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Tips for Parents of Opiate Addicts*

By Anne Watkins

If you’re the parent of an opiate addict, whether your child is grown or still young, you’re probably going through rough times right now. You may be wondering if you’re going about it in the right way, and if there’s more that you can do.

And the challenges don’t end when your child seeks opiate addiction treatment. In fact, the post-addiction period comes with a whole new set of challenges for everyone involved. Many parents worry about what they can do to help prevent their child from relapsing, and there are also other complications such as social stigmatization and your own worries that you’ve failed as a parent.

To help get you through this difficult time, here are a few common tips that addiction treatment experts tell parents of addicts:

1. Know that it’s not your fault. When children have personal troubles, it’s natural for parents to try to blame themselves, at least on some level. This impulse is understandable, but it’s also unfounded. Thanks to countless scientific studies, we now know that there is a genetic basis for addiction. And when the predisposition is strong enough, no amount of good parenting can stop a child from eventually having issues with substance abuse.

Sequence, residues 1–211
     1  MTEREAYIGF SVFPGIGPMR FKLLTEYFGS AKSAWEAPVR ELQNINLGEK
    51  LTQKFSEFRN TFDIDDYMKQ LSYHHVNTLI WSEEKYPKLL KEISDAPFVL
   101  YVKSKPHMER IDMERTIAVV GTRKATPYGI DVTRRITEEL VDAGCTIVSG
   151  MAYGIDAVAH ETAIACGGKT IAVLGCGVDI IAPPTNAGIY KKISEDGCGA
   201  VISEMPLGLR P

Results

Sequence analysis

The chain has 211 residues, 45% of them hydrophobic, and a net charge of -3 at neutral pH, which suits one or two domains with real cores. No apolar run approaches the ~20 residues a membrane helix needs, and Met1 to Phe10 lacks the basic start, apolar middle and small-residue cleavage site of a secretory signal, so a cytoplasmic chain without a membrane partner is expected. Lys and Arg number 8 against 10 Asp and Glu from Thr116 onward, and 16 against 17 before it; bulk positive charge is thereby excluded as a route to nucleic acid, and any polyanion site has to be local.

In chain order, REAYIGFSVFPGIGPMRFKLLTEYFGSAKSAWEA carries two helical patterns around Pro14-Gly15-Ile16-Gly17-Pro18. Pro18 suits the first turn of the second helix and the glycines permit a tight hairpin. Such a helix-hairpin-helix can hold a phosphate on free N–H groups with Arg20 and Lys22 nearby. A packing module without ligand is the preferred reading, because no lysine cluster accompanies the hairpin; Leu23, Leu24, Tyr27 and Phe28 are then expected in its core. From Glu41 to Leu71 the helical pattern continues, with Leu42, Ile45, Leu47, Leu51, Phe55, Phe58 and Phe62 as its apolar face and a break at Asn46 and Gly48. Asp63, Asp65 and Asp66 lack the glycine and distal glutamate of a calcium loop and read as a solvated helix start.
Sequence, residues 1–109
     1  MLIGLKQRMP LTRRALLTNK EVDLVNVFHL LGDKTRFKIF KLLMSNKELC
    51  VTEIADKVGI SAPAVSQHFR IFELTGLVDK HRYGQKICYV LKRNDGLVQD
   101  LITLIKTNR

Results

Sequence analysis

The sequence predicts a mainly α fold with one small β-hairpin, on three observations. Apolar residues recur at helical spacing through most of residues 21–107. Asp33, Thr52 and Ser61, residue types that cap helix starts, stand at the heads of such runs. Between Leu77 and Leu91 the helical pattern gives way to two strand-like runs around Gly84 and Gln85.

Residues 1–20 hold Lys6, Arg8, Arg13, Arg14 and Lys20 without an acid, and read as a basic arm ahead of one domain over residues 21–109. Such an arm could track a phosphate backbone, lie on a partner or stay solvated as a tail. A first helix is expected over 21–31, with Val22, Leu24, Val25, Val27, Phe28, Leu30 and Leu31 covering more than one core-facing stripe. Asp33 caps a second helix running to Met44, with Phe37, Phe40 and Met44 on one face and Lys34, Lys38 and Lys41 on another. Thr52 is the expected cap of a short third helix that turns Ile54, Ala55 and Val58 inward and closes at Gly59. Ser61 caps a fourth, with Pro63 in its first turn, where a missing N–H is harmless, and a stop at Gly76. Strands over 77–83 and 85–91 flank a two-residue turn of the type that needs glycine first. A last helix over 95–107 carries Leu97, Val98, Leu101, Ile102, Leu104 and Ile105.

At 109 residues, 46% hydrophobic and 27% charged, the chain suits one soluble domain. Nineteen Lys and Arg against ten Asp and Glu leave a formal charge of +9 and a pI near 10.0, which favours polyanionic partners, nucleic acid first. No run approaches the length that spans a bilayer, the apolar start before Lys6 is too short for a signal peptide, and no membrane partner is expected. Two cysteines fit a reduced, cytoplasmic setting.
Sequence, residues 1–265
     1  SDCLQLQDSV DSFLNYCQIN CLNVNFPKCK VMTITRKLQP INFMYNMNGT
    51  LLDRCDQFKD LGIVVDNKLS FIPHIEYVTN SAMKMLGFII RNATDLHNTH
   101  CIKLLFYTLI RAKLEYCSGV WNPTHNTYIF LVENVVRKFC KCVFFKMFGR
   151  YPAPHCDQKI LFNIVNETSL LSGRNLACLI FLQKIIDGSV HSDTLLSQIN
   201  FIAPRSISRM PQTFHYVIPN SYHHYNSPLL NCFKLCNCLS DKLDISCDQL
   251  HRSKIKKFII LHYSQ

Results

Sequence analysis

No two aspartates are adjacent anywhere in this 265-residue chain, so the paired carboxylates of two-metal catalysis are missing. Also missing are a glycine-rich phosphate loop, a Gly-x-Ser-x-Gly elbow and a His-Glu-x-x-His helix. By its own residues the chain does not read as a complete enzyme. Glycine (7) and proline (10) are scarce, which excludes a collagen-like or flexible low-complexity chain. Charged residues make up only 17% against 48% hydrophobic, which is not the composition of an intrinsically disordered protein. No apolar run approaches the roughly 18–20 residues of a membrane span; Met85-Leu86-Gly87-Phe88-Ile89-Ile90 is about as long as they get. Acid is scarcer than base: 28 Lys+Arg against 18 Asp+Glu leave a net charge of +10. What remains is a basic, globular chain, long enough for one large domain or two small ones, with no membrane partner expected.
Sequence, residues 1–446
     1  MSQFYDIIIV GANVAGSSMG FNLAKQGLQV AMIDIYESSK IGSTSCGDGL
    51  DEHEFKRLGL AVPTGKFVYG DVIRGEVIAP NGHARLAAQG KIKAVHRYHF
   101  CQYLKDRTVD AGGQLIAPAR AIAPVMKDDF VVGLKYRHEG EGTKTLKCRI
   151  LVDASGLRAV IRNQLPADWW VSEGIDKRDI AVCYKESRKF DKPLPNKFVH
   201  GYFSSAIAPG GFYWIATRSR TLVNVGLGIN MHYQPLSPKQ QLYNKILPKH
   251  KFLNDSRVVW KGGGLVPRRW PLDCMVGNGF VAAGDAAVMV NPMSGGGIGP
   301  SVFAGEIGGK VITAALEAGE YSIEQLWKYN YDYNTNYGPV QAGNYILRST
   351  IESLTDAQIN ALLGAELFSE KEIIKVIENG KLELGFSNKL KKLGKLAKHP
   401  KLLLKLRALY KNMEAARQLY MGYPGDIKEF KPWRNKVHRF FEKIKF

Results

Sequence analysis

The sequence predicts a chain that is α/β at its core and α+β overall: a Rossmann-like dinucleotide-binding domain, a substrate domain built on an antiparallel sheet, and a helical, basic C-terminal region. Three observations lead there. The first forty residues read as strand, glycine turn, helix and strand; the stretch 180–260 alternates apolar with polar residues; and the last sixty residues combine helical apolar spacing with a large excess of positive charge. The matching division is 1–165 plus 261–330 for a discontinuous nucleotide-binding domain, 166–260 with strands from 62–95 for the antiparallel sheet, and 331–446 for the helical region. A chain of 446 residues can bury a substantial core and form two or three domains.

In fact, look at it this way: If your child has acknowledged that he or she has a problem and is now seeking treatment, this means that you did something right. Many addicts never get better. The ones who do usually do so because their parents gave them a strong moral foundation. When your child seeks treatment, know that you gave your child the strength to deal with these problems without falling apart, as so many addicts do.

2. End your enabling. It’s common for parents to engage in enabling behavior even when they don’t know that they’re doing it. This is simply because you love your children and you want what’s best for them. But take a close look at what you do. For example, if you have consistently financially supported a grown child, this qualifies as enabling behavior. Yes, even when you help to pay for rent, bills or food, you’re giving your child a chance to go on being irresponsible.

Let your child know that you are there for emotional support, but that you can’t keep handing over money. Make it clear, and stick to your guns. Often, having to support oneself is the best antidote to drug addiction.

3. Use tough love when necessary. To be a positive guiding hand in your child’s life, sometimes it’s important to be tough. Part of this is ending financial support, but it also involves not allowing a grown child to live with you, not lying on his or her behalf and even calling the police if necessary. These may be among the hardest things you’ll ever do, but keep the long-term benefits in mind. The more you cover for your children in the short term, the longer it will take for them to seek treatment and get better.